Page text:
It also packs a powerful profit. The largest age group of energy drinkers are eighteen to 24-year-olds, who account for a huge 25 percent of all energy drink sales. Mr. Pink is targeting more than 200,000 nightclubs in a bid to convert college age energy drinkers to his wellness drinks. Nearly $500m will be invested to make this happen, but the returns could be huge: he forecasts that in the next year, 100 clubs will gross $6.7m in sales, rising to 26,000 clubs raking in $1.7bn within five years — and in a decade, at current growth rates, that equates to $13.5bn from just the nightclub scene. Add to that retail stores, gyms and restaurants, and the figures — he believes — start touching on $30bn a year after a decade.
“When people think of Ginseng, I want them to think of Mr. Pink because Mr. Pink will own the Ginseng market globally. Also, there is no new business in the world other than the beverage business that can generate $30bn continually year after year, but with our unique beverage products, we will be one of a few beverage companies that will in the future,” he says.
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The US is where the Mr. Pink action is concentrated right now, but Wangsuo is putting the final touches on his expansion plans in Asia, India, Europe, Africa and the Middle East.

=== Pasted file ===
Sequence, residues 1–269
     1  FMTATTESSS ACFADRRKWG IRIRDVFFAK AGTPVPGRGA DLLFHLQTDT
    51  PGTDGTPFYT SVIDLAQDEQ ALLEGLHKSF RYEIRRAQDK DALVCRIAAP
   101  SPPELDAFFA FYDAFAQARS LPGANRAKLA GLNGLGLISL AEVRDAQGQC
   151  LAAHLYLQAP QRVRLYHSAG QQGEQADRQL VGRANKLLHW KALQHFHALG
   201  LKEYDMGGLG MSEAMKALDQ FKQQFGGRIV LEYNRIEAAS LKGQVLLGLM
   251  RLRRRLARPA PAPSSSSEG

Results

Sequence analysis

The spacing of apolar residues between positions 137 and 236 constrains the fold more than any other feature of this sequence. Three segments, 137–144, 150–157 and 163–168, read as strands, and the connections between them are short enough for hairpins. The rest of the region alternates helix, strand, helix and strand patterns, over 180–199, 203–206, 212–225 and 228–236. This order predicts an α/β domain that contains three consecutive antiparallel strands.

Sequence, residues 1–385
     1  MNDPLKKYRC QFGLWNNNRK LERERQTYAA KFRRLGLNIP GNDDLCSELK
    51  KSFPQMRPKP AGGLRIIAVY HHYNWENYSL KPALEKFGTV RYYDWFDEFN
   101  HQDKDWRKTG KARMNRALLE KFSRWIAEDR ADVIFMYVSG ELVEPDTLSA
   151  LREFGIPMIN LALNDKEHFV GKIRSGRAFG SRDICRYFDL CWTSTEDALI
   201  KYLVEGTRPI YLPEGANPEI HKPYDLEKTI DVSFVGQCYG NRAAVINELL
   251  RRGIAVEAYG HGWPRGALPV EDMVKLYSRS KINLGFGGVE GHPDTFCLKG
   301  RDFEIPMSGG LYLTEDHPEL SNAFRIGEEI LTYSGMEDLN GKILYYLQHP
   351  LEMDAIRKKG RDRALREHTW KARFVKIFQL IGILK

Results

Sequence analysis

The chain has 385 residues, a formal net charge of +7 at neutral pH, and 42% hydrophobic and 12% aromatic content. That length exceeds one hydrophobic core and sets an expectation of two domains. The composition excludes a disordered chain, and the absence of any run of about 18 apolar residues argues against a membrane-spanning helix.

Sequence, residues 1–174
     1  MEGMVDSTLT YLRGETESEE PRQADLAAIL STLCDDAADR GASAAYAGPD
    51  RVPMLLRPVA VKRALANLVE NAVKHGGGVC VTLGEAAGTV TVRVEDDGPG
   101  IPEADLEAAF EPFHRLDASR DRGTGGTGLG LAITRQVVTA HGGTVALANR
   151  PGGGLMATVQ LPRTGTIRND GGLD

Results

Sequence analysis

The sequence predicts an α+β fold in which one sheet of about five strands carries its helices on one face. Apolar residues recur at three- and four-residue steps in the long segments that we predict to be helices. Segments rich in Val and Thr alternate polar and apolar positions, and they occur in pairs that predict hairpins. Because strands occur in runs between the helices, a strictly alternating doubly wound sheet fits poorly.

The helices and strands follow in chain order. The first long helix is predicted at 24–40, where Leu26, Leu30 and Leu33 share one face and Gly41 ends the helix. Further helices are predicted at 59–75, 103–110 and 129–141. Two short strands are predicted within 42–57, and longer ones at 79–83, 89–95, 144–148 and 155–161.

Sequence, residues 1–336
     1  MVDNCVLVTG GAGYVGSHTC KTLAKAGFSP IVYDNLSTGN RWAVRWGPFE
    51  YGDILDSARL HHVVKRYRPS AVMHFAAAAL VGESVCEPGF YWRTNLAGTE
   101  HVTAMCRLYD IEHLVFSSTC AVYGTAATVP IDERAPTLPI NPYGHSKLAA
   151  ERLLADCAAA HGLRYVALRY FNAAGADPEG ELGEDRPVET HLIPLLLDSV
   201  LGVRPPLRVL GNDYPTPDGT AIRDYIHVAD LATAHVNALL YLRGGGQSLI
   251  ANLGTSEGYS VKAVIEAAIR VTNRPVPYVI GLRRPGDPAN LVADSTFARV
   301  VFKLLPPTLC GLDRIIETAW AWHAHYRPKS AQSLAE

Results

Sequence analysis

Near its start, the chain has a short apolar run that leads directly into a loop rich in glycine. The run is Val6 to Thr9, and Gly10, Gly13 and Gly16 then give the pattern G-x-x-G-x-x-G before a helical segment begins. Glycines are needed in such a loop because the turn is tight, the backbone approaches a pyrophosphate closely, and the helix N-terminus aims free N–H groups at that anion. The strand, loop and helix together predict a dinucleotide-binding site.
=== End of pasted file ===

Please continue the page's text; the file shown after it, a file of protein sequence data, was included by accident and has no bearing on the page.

“We are already in China, will be launching in India this September and plan to launch in the Middle East very soon as well, as we see great opportunity and need in the Middle East marketplace for a non-alcoholic healthy wellness beverages,” he says.
Mr. Pink has already signed up an exclusive distribution agreement with Coca-Cola in India and is partnering with Sequoia Capital China, which is one of the largest venture capital funds in the world, for the Chinese market, but the Middle East market still remains an additional major growth potential for the company.
“The Middle East is very important because I feel the population values premium healthy products and once they get a taste of Mr. Pink Ginseng Drinks and Sparkling Teas and understand how healthy they are, everyone will drink like I do so many times every day. I also have friends in the royal family that have tried our drinks, love the taste and always ask when we will bring the product to the Middle East, so I am convinced it will be a great success. Especially for the Middle East, because people need the benefits of Ginseng to keep their body balanced, in good shape, healthy and good looking,” he says.